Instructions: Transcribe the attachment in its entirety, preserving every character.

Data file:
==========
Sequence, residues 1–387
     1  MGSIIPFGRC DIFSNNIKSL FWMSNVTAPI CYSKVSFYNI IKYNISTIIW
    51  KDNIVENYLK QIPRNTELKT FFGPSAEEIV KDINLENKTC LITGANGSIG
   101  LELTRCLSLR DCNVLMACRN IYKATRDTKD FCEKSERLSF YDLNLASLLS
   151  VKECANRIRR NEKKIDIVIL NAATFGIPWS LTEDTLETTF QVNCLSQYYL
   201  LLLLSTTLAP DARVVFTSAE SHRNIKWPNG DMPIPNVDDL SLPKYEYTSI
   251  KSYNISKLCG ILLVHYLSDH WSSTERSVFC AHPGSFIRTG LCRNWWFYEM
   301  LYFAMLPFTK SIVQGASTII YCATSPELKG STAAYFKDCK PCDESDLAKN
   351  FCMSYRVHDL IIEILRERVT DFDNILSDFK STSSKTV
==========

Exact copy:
Sequence, residues 1–387
     1  MGSIIPFGRC DIFSNNIKSL FWMSNVTAPI CYSKVSFYNI IKYNISTIIW
    51  KDNIVENYLK QIPRNTELKT FFGPSAEEIV KDINLENKTC LITGANGSIG
   101  LELTRCLSLR DCNVLMACRN IYKATRDTKD FCEKSERLSF YDLNLASLLS
   151  VKECANRIRR NEKKIDIVIL NAATFGIPWS LTEDTLETTF QVNCLSQYYL
   201  LLLLSTTLAP DARVVFTSAE SHRNIKWPNG DMPIPNVDDL SLPKYEYTSI
   251  KSYNISKLCG ILLVHYLSDH WSSTERSVFC AHPGSFIRTG LCRNWWFYEM
   301  LYFAMLPFTK SIVQGASTII YCATSPELKG STAAYFKDCK PCDESDLAKN
   351  FCMSYRVHDL IIEILRERVT DFDNILSDFK STSSKTV